My new years resolution was to become more prolific this year and photographic in-between art festivals. Last year, I spend too much time printing and matting and not enough time shooting. When I photograph something new and create a print, I can display the first edition immediately watch reactions from judges and the general public alike, which has been a big help progressing as an artist and finding my audience.
The Florida Keys were the first of my adventures.
For nearly 5 days, I drove, hiked, and kayaked the state parks in one of Florida’s most well known tourist destinations – the type of places I usually avoid. I love shooting beaches without footprints or signs of humans, where I can use an ultra-wideangle and find no manmade objects in the background. The keys has become so overbuilt, however, that not getting at least a sliver of a bridge in the back from even a remote island is getting harder; so I compromised during this trip and focused more on foreground and mid-ground compositions.
The Photographs: The Florida Keys
I returned several times to Bahia Honda State Park and a small unnamed island at sunrise and sunset to capture some interesting tones and lighting. I took these back in January (its now April), and I’ve gotten an overwelming response at the last six art festivals.
Bahia Honda State Park has a wonderful beach to walk and kayak along, and was perhaps the most authentic, natural feeling area in the Keys. In fact, it has some of the only naturally growing beach palm trees I had seen during the whole trip. I took this photo with a few second exposure to show movement in the water:
The Long Drive to Paradise
The last time I traveled to Key West, I lived in South Florida and the drive wasn’t so bad. From Orlando, it took nearly 8 hours total. The Keys reminded me of Sanibel Island in Captiva, Florida (blogpost here) – a paved paradise with lots of fun things to do. Nearly every square inch of Key West now has a building on top; amazingly, I managed to spot even more construction on some of the last virgin land. I’ve traveled many miles throughout all of Florida in a short period of time this year, and I’ve noticed a growing theme – either new buildings being constructed, or an environment already bulldozed with malls and homes.
After arriving to Key West, I checked out Ernest Hemingway’s house, and worked my way backwards to reshoot spots I had scouted earlier in the day.
Florida State Parks: The Keys
Thank goodness for all the beautiful parks that the State of Florida has set aside as preserved park lands. With my yearly park pass in hand, I stopped at nearly every single one in a day to roughly scope them out, such as John Pennekamp, Dagny Johnson Key, Long Key, Curry Hammock, Bahia Honda, and Fort Zachary Taylor State Parks. They were all beautiful and majestic, and brought memories of my scuba diving day-trips back in middle and high school.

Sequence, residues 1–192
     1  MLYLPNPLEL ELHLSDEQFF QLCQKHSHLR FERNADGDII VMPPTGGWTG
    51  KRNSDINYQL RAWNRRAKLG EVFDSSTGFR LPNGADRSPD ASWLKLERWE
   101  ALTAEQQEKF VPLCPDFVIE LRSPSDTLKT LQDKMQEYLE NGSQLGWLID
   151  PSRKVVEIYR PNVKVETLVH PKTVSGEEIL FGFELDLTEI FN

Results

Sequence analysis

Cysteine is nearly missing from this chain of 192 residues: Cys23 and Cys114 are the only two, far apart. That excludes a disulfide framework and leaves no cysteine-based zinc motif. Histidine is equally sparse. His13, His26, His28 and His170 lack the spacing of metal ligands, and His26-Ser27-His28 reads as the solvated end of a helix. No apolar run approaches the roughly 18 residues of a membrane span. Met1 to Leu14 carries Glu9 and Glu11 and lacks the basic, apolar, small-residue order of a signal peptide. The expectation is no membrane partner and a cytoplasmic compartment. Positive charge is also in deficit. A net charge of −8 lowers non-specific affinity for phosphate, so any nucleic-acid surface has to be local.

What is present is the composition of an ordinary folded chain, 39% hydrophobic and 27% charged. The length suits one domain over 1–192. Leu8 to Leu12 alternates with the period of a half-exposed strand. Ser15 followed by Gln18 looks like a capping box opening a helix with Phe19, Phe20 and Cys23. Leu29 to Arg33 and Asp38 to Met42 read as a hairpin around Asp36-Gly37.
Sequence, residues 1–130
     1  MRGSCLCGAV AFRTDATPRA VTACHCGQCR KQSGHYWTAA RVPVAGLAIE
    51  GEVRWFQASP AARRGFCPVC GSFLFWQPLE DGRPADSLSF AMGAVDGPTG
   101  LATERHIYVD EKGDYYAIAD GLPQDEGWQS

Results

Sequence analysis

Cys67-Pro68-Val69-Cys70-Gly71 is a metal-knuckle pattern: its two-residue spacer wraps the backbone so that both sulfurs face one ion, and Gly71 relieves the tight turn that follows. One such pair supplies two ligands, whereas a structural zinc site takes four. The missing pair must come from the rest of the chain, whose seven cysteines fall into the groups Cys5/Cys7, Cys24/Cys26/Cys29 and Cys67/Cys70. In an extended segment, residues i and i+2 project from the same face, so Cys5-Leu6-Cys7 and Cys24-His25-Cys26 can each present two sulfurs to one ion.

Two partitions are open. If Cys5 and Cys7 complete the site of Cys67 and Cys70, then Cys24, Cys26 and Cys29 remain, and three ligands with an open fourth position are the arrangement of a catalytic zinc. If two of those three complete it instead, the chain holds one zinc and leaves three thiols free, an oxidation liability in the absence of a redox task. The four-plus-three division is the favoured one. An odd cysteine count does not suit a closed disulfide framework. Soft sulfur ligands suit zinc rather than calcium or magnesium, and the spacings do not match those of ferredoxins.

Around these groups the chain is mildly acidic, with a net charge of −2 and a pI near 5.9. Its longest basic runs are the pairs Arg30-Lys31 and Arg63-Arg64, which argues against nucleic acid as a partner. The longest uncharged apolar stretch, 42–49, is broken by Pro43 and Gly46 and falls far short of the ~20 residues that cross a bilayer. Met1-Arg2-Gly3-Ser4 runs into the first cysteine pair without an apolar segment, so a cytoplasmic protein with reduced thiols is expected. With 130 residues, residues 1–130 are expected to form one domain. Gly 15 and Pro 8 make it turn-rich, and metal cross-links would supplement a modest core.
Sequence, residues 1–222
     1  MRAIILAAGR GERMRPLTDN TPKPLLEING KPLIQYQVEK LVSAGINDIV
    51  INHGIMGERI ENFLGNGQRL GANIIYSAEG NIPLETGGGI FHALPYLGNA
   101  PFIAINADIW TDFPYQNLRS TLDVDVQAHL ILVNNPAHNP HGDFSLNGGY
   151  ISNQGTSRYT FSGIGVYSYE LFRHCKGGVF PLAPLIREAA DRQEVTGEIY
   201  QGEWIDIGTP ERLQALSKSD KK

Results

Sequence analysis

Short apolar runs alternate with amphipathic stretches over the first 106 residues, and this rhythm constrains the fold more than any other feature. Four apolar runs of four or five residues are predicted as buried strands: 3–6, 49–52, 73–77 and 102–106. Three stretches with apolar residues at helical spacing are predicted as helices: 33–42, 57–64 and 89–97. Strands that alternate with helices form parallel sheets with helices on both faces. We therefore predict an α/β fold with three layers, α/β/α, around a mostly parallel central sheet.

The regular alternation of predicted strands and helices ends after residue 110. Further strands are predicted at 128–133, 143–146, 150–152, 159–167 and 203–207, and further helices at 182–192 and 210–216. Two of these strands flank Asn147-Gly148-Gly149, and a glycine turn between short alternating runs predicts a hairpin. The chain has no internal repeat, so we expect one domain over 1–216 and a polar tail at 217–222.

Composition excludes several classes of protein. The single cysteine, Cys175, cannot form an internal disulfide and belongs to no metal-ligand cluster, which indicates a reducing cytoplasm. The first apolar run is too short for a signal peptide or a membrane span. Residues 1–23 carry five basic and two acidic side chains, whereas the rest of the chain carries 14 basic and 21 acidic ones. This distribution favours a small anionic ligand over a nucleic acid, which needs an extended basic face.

The sun was hot and intense during the day, without a cloud in the sky; so I spend my time scouting, kayaking, and enjoying the days until some clouds moved in. I camped at the parks, and kayaked along the island shores. My goal here was to focus on shooting coastlines and waterways, as part of my ongoing ‘Florida 67’ project.
The Photographs: The Unnamed Island
While kayaking along the bridges in the keys, I hopped from island to island and came across this gem. I returned 4 times for different sunsets and sunrises. I became obsessed with two majestic lone mangroves on opposite shores. The island was surrounded by a dead coral reef and rock formations, which gave this location and array and textures and tones. On my last sunset shoot, I finally nailed the two shots below with my Mamiya 7ii and Ilford SFX200 infrared film, which toned down the bright, but colorful sky behind the mangroves. Both mangroves had an interesting lean, and it took a good hour of study to find the right angle and composition.
Return to Orlando: Lessons Learned
I was tired and very tan after shooting in the Keys for about 5 days, and it was time to return and prepare for the next art festival. It was getting very late and I was far too tired to continue driving, so I stopped in Palm Beach at a relatives house, and then stopped to photograph Blowing Rock State Preserve, and then drove home to develop 15 rolls of 120 film.
Three months later, these new photos have become some of my most popular among collectors. For years, I had avoided shooting ‘typical Florida’, but I learned that even the touristy spots are part of Florida’s vast and complex ecosystem; and I should still give them some attention.